The Catholic Church has a mission and obligation to evangelize. Evangelization is to proclaim Christ and His Gospel by word and testimony of life. Not only are the clergy and faith leaders called to proclaim Christ, but also each baptized person is given the role of a prophet to fulfill this call. This mandate was given straight from Jesus to his Apostles and to us today.
The night will begin with an icebreaker game that will be a fun way to get the kids up and moving around. The night will move from the ice breaker to the teaching. After the teaching the middle school youth will have an opportunity to discuss the teaching in small groups. Also in small groups they will brainstorm ways to evangelize using social media, Facebook, Twitter, etc. After, the night will transition from small groups into a short skit that will show good and bad ways to evangelize. The night will end with a meditation and a challenge to “go out to the nations” and evangelize with the example of the Light of the World.
You will need to blow up several balloons depending on the number of youth you have attending. You will be writing different words on the balloons. On red balloons write the word “Christ”, on the blue balloons write the word “Gospel”, on the yellow balloons write the word “truth”, etc. (See the Gather game “Up in the Air”)
Different Middle Schoolers share why they’re Catholic and what it means to be Catholic.
The goal of this Edge Night is to introduce the middle school youth to the significance of Pentecost. We will help communicate how the Holy Spirit leads us and gives us life, and inspires us to do the work of the Church here in the world.
This Edge Night focuses on the Holy Spirit’s guidance of the Church. Present since the beginning of time with the Father and the Son, The Holy Spirit descended upon the Apostles at Pentecost and remains with us all today. Pentecost occurred ten days after the Ascension of our Lord and is considered the birthday of the Catholic Church. On that day, the disciples took up the mission of the Church to make disciples of all nations. The Holy Spirit continues to guide the Church and also guides us as disciples of Christ continuing the mission of the Church.
Tonight, the middle school youth are also on a mission. They will get a chance to compete in a particular mission and represent their small group in a larger mission. Through the Proclaim, the youth will be challenged to be disciples of Jesus and to live with a “spirit of power, love and self-control.” Small groups will focus on getting ready for the mission and the Closing Prayer will help empower them to go forth and begin their mission.
The goal of this Edge Night is to allow the middle school youth to grow in their knowledge of the unique characteristics of the Catholic Church, which are called the four marks of the Church. We profess our belief in the four marks every time we profess the Creed, “We believe in one, holy, catholic, and apostolic Church.” These defining characteristics form a foundation for the Catholic Church.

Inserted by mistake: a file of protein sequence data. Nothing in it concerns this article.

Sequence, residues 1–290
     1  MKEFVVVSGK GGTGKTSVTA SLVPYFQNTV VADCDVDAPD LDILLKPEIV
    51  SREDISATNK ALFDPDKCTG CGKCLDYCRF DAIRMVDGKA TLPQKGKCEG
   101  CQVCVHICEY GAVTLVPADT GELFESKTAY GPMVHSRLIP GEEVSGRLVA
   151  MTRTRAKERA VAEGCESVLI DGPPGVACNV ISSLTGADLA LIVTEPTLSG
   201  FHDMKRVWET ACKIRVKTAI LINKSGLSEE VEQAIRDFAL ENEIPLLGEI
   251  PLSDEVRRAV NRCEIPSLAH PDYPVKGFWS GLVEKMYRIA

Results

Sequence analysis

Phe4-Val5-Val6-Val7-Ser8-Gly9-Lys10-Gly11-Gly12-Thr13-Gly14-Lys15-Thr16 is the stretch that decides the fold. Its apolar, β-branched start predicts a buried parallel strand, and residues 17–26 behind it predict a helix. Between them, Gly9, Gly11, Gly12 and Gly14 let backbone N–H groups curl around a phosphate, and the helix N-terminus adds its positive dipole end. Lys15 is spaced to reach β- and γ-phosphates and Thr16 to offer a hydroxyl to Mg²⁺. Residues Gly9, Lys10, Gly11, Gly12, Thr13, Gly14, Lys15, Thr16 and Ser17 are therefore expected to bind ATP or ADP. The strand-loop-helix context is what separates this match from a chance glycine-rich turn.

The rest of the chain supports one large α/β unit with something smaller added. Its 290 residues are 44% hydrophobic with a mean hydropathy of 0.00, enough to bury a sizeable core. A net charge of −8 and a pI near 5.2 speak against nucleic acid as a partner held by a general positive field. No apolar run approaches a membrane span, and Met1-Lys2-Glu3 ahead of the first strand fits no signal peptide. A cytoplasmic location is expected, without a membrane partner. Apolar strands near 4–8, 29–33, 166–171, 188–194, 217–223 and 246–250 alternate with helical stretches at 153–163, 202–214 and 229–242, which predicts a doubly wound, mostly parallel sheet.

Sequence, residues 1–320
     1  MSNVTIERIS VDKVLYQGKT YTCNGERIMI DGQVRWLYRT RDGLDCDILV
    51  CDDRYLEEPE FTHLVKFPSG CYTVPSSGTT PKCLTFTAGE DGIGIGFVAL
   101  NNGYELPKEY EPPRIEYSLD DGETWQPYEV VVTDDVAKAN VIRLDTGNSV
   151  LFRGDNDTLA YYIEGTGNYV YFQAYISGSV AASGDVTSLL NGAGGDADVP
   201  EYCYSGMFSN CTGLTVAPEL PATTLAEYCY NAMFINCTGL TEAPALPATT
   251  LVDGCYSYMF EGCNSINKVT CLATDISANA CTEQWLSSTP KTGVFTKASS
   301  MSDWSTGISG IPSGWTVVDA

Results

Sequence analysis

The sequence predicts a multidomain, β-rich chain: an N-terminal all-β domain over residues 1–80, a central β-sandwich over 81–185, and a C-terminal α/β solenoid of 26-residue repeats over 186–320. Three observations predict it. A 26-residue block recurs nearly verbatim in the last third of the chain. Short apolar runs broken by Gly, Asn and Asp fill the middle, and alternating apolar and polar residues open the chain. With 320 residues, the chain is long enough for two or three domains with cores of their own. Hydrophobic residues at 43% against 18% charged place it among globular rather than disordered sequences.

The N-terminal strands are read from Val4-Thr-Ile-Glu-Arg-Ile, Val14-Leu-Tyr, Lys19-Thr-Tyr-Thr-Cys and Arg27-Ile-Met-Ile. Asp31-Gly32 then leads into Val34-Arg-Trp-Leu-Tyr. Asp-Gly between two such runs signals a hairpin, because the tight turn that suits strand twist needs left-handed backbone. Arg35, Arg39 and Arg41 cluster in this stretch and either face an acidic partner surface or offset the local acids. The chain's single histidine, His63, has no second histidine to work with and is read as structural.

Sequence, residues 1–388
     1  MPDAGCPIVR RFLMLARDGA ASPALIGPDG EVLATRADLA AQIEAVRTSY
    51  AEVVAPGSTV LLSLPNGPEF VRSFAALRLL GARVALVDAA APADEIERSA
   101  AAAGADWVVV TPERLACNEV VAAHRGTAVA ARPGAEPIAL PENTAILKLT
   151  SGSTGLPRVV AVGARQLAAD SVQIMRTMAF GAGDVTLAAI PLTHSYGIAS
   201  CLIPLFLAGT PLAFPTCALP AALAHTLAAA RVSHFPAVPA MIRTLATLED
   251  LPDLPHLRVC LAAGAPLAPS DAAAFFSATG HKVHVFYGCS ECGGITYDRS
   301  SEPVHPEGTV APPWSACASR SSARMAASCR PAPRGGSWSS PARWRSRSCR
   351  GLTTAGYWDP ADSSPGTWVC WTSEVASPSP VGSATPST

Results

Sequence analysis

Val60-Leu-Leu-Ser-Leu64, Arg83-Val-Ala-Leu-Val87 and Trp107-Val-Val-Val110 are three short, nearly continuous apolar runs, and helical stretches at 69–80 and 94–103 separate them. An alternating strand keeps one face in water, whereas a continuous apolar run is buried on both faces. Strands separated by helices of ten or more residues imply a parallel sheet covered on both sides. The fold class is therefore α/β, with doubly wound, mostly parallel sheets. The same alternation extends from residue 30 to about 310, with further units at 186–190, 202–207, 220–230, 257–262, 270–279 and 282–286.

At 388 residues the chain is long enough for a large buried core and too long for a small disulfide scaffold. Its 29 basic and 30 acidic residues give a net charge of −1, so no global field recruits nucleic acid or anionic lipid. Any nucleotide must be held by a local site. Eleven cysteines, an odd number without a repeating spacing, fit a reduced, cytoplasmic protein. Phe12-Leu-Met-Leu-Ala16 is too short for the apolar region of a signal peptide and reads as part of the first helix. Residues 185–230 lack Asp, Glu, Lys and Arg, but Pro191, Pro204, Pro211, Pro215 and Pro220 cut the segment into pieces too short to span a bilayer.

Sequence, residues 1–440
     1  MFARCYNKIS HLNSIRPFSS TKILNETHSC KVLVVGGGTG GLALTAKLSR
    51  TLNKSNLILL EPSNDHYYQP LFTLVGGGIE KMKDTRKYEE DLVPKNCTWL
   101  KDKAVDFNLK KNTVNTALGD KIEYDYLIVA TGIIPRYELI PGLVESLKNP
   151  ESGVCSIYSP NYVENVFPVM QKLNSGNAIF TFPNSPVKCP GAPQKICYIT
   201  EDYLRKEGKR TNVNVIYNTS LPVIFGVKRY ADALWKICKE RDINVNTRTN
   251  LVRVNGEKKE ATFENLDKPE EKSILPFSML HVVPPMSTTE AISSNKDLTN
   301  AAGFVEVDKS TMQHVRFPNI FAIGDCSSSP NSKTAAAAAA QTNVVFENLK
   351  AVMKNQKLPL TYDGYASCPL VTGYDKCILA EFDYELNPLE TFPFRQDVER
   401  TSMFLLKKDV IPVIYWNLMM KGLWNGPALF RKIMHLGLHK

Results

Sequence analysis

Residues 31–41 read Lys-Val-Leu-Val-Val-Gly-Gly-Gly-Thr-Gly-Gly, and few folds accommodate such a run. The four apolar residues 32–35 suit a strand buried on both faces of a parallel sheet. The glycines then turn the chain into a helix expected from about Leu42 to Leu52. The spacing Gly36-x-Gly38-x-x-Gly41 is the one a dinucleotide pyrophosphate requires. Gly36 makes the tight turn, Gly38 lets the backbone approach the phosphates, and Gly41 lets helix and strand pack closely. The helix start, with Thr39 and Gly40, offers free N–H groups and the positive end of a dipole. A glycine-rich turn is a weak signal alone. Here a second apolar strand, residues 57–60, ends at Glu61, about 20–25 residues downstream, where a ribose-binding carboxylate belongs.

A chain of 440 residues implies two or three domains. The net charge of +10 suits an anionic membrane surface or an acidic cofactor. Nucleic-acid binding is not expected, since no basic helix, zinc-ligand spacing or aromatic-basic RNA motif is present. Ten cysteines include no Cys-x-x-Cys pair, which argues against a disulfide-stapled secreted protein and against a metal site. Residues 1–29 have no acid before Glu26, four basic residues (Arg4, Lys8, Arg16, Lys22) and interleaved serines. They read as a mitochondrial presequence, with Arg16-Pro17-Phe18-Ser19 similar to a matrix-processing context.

The topic of this night is the four marks of the Catholic Church as mentioned in the Creed: “We believe in the one, holy, catholic, and apostolic Church.” These four marks indicate the Church’s essential features and the mission that she carries out as given by Christ. The Church is one, holy, catholic, and apostolic not by her own power, but because the Church was founded by the divine person of Jesus Christ.
The theme of the night is Foundation – looking at the Four Marks and how they form the foundation for the Catholic Church. The night will begin with the game of Four Corners, which is a great way for the middle school youth to get out some energy and also meet new people. Then the night will move from this high-energy game into upbeat music; see the Media Suggestions or feel free to use any Christian music. This will transition into the Proclaim talk, which will dive into the four marks of the Church, beginning first with Christ and ending with our role as Catholics in the Church. From that point the teens will break into small groups for discussion and activities that emphasizes the main points of the talk. The night will end with an invitation to prayer and a commitment to put our lives on the foundation of the Church.
The goal of this night is to grow in our understanding of the “last things” (death, purgatory, heaven and hell), so we understand what everlasting life means. People have a lot of misconceptions about death, heaven, hell, and purgatory; by the end of this night the misconceptions will be discussed and clarified. Ultimately, the goal is to empower each middle school youth to desire heaven more at the end of this night.
The four last things are death, purgatory, hell and heaven. Christians proclaim in the Creed that, “We believe in Life Everlasting” and everlasting life includes two options: heaven and hell. After death a person will either spend eternity in heaven or hell. Heaven is for those who die in the friendship of God and have been completely purified. Hell is for those people who have rejected God and die with mortal sin on their souls. There is Catholic belief in purgatory, which is a place of final purification. Purgatory is for those who die in God’s friendship but have not yet been perfectly purified.
This night will begin with a video that shows the common opinions that people hold on heaven and hell. The video will be a fun way to clarify many misconceptions that people have. The room will be divided into four for the night; death, hell, purgatory, and heaven. The Proclaim will be given in each area of the room that coincides with that portion of the talk. At the end of the rotating talk the middle school youth will go to small group to discuss the four last things. After a time of small group questions, there will be an activity that the each group will work on and then present to the larger group. After the large group sharing, the Send will move into a quieter, more reflective time. The youth minister will read a story on a “Teen’s View of Heaven,” leading into Adoration. The night will wrap up after Adoration.